Simple additions can lead to intriguing results...
Two motorboats travelling up and down a lake at constant speeds
leave opposite ends A and B at the same instant, passing each
other, for the first time 600 metres from A, and on their return,
400. . . .
What happens to the perimeter of triangle ABC as the two smaller
circles change size and roll around inside the bigger circle?
There are 27 small cubes in a 3 x 3 x 3 cube, 54 faces being
visible at any one time. Is it possible to reorganise these cubes
so that by dipping the large cube into a pot of paint three times
you. . . .
Can you use the diagram to prove the AM-GM inequality?
An irregular tetrahedron is composed of four different triangles.
Can such a tetrahedron be constructed where the side lengths are 4,
5, 6, 7, 8 and 9 units of length?
Euler discussed whether or not it was possible to stroll around Koenigsberg crossing each of its seven bridges exactly once. Experiment with different numbers of islands and bridges.
A game for 2 players. Can be played online. One player has 1 red
counter, the other has 4 blue. The red counter needs to reach the
other side, and the blue needs to trap the red.
Draw a pentagon with all the diagonals. This is called a pentagram.
How many diagonals are there? How many diagonals are there in a
hexagram, heptagram, ... Does any pattern occur when looking at. . . .
In this problem we are faced with an apparently easy area problem,
but it has gone horribly wrong! What happened?
Four rods are hinged at their ends to form a convex quadrilateral.
Investigate the different shapes that the quadrilateral can take.
Be patient this problem may be slow to load.
Find the point whose sum of distances from the vertices (corners)
of a given triangle is a minimum.
A circle rolls around the outside edge of a square so that its circumference always touches the edge of the square. Can you describe the locus of the centre of the circle?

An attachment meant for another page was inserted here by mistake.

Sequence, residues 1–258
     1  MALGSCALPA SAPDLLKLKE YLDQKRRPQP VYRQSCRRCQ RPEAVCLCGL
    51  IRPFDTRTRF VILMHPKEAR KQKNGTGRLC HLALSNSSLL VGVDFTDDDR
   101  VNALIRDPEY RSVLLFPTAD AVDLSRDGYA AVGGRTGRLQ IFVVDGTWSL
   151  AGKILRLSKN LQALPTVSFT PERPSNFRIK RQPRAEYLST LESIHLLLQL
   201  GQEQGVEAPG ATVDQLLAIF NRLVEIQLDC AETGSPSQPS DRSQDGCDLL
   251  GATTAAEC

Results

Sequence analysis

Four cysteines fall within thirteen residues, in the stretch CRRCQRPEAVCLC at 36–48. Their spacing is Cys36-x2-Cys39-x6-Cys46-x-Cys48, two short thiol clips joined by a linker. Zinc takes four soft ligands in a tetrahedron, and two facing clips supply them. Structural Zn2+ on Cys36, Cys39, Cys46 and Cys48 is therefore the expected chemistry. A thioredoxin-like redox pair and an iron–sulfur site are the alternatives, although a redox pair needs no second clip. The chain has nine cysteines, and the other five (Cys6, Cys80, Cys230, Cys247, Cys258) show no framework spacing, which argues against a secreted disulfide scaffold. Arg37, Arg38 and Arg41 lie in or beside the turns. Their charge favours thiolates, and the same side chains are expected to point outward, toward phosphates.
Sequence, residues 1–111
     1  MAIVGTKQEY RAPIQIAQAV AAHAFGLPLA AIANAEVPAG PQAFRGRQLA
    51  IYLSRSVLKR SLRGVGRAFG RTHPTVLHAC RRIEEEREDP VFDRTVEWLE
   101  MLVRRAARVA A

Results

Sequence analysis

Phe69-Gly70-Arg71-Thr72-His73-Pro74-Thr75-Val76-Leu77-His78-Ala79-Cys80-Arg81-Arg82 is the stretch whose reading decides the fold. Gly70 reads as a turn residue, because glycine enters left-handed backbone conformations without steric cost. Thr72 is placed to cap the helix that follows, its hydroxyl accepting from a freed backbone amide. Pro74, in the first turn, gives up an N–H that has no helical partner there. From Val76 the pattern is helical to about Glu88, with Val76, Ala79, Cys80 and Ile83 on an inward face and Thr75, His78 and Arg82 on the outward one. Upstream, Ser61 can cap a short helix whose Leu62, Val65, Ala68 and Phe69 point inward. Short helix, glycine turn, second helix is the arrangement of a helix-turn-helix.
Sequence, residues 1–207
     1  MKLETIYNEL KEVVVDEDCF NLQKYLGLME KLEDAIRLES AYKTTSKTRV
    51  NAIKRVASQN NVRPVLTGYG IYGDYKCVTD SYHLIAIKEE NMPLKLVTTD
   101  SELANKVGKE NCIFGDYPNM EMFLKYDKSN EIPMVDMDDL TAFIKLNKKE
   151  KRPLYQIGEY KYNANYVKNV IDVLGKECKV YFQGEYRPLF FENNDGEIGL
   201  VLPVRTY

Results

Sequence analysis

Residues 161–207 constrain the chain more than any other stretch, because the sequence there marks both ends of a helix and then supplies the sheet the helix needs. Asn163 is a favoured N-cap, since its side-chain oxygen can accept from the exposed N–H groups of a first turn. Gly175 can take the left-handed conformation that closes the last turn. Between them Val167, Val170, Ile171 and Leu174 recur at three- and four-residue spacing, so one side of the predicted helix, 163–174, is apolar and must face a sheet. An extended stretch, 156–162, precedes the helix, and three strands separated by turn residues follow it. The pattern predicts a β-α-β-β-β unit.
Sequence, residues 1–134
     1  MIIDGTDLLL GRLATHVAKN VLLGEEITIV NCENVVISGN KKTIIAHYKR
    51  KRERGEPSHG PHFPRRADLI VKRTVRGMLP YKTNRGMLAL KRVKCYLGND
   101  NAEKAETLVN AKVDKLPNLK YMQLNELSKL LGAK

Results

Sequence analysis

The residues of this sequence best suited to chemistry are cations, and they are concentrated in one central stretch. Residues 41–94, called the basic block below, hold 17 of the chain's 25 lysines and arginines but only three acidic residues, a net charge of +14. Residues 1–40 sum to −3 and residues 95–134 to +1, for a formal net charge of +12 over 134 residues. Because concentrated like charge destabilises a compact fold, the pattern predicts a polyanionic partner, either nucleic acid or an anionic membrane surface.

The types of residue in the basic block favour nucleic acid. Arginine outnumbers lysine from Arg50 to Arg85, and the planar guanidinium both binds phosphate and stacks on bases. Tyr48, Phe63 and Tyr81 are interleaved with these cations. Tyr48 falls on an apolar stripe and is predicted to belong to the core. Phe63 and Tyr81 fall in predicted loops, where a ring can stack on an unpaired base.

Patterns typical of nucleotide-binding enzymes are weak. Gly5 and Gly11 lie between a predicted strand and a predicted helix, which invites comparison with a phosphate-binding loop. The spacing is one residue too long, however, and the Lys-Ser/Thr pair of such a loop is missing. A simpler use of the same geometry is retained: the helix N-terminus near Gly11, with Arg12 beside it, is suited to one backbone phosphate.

Triangle numbers can be represented by a triangular array of squares. What do you notice about the sum of identical triangle numbers?
Imagine starting with one yellow cube and covering it all over with
a single layer of red cubes, and then covering that cube with a
layer of blue cubes. How many red and blue cubes would you need?
You can move the 4 pieces of the jigsaw and fit them into both
outlines. Explain what has happened to the missing one unit of
The reader is invited to investigate changes (or permutations) in the ringing of church bells, illustrated by braid diagrams showing the order in which the bells are rung.
This article for teachers discusses examples of problems in which
there is no obvious method but in which children can be encouraged
to think deeply about the context and extend their ability to. . . .
This is a simple version of an ancient game played all over the world. It is also called Mancala. What tactics will increase your chances of winning?
Choose a couple of the sequences. Try to picture how to make the next, and the next, and the next... Can you describe your reasoning?
A game for 2 people. Take turns joining two dots, until your opponent is unable to move.
An irregular tetrahedron has two opposite sides the same length a
and the line joining their midpoints is perpendicular to these two
edges and is of length b. What is the volume of the tetrahedron?
A ribbon runs around a box so that it makes a complete loop with two parallel pieces of ribbon on the top. How long will the ribbon be?